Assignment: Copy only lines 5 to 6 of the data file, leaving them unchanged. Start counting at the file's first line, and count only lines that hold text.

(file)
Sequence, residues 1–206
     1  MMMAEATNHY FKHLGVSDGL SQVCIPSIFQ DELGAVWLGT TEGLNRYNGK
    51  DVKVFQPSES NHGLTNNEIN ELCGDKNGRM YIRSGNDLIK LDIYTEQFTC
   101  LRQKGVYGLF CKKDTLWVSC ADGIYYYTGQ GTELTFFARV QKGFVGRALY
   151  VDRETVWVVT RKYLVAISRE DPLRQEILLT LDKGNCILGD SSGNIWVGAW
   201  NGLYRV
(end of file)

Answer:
   151  VDRETVWVVT RKYLVAISRE DPLRQEILLT LDKGNCILGD SSGNIWVGAW
   201  NGLYRV